It seems to me that the prevalence of auto-immune diseases is on the rise these days. Thyroid deficiency (Hashimoto’s disease), intestinal assaults (Crohn’s and Celiac’s diseases), and system-wide troubles, such as Rheumatoid arthritis and Type 1 diabetes are rearing their ugly heads with increasing frequency amongst my friends, family members and patients. When the body decides that a part of itself is “foreign”, a war is waged in which the attacker becomes the attacked.
One such troubling auto-immune disease affecting the nervous system is multiple sclerosis (MS). In this condition, the body has deemed the insulating, waxy coating along its nerve cells to be public enemy #1. As one’s own immune system begins to “eat up” this insulation, brain generated messages never get to their intended destination. The electrical dispatch sent simply veers off the nerve as if it had ADD!
The result of this “signal transmission problem” can be a change in vision, decreased strength of random skeletal muscles, or eventually an alteration or disruption in motility, which necessitates the use of assistive devices.
Because of its random, somewhat vague, initial symptoms, this disease can elude diagnosis for years! So here is a list of some early signs for you to be aware of:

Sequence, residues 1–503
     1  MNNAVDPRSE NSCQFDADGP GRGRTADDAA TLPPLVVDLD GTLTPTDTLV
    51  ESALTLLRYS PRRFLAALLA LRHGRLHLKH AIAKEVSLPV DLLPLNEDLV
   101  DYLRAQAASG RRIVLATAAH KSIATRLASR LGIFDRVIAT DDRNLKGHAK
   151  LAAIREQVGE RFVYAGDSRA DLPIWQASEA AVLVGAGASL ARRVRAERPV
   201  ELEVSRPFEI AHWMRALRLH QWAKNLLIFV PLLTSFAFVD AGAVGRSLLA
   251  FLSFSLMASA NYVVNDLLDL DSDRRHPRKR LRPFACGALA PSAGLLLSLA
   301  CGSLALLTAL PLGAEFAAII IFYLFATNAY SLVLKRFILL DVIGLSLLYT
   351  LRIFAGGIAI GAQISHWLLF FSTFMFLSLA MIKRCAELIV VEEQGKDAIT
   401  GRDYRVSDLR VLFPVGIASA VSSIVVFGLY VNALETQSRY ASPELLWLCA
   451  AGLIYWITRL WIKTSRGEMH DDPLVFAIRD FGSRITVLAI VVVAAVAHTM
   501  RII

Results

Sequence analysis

- Blurred or double vision (typically one eye)
- Thinking / focus problems
- Clumsiness / lack of coordination
- Loss of balance
- Weakness in an arm or leg
- Extreme fatigue, exacerbated by heat
Once multiple sclerosis is suspected and an MRI of the brain is ordered, telltale “plaques” visualized within the brain and/or spinal cord yield a swift diagnosis.
Each person with MS will walk a different road. Some will find their symptoms coming and going, others will be left with some minor to moderate deficits, and a small percent of others will decline steadily, eventually requiring assistance with most tasks.
Advances in medicine have the newly diagnosed patient benefitting from early medicinal intervention which is designed to fight back against the attack of one’s own immune system. Physical therapy is quite helpful when dealing with muscle pain, stiffness, and the need for training in the use of assistive devices. Early stage research is underway with the hope of someday using stem cells to replace the damaged areas in the brain and spinal cord.